WikiLeaks' Assange granted asylum in Ecuador
Internet gadfly had been previously holed up in Ecuadoran embassy in London
Daring to share confidential information in the Internet age, WikiLeak's
mastermind Julian Assange has finally been granted asylum in Ecuador.
Assange had previously been hiding in the Ecuadoran embassy in London
since June. Great Britain has since vowed to extradite Assange to Sweden
in order to face sex crime charges.
The British maintain that one of their laws allows for the country to enter the embassy and arrest WikiLeaks' Julian Assange.
"The Ecuadorian government, after carrying out a fair and objective analysis of the situation presented by Mr. Assange and evaluating his oral and written arguments, has decided that there's cause to presume that he could be the target of political persecution or that such persecution could happen if no timely and necessary measures are taken to prevent it," Patiño said.
Ecuador asked Britain to guarantee safe passage for Assange and to respect its decision. U.K. officials said it was disappointed by the decision and will continue to pursue Assange's arrest and extradition.
"We shall carry out that obligation. The Ecuadorian government's decision this afternoon does not change that," the U.K. Foreign Office said in a statement.
"I am grateful to the Ecuadorian people, President Rafael Correa and his government. It was not Britain or my home country, Australia, that stood up to protect me from persecution, but a courageous, independent Latin American nation," Assange said from the embassy.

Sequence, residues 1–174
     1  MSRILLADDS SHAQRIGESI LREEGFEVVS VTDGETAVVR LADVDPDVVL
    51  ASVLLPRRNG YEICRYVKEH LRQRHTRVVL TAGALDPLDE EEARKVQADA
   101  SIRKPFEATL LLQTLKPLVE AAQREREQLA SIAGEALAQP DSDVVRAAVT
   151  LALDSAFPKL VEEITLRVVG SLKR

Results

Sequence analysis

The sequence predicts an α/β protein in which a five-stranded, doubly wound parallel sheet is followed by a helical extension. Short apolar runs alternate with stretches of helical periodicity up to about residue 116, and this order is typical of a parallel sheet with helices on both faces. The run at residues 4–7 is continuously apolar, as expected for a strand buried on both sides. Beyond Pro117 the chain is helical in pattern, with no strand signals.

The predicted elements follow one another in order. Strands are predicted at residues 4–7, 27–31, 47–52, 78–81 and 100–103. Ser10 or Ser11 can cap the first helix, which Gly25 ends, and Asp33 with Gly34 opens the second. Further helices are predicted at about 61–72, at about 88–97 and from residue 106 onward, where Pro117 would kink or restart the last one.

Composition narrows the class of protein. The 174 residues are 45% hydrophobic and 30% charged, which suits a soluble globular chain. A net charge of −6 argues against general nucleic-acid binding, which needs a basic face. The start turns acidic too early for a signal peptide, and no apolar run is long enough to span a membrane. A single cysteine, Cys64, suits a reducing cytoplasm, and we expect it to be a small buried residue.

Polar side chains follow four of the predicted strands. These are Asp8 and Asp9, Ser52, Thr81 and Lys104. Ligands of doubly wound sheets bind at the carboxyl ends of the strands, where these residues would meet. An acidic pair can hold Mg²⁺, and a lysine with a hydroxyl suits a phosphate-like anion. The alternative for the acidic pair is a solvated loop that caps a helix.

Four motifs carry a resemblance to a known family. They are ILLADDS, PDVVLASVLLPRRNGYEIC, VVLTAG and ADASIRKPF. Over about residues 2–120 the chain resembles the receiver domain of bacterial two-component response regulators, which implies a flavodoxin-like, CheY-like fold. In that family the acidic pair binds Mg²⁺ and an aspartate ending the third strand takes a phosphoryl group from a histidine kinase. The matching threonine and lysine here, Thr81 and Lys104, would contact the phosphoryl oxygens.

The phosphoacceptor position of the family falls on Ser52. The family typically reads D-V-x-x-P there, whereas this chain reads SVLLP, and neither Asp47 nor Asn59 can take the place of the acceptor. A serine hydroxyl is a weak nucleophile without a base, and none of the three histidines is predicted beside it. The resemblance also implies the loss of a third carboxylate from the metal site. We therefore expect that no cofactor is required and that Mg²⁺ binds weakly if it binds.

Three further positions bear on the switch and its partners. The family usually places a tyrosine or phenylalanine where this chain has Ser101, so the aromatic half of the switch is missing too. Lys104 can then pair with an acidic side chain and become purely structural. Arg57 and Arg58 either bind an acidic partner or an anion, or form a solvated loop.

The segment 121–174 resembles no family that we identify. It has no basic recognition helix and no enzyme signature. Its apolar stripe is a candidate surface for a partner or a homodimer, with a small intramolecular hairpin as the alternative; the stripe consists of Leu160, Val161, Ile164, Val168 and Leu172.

A tug of war between the two nations continues. Patiño has warned against any British action against Ecuador's embassy in London, saying the Ecuadorian government had received a written notice from British authorities that they would "assault" the country's embassy in London if they fail to hand over Assange.
The British say one of their laws allows for the country to enter the embassy and arrest Assange. In reaction, Patiño cited a lengthy list of international treaties and conventions that he said make it clear that it is illegal to enter another country's embassy.
Ecuador has found that Assange has a credible fear of persecution for his ideas and politics.
"There are strong indications of retaliation by the country or countries who produced the information divulged by Mr. Assange, reprisals that could put at risk his security, integrity and even his life," the Ecuadorian government concluded.
© 2012, Catholic Online. Distributed by NEWS CONSORTIUM.
Pope Francis Prayer Intentions for December 2013
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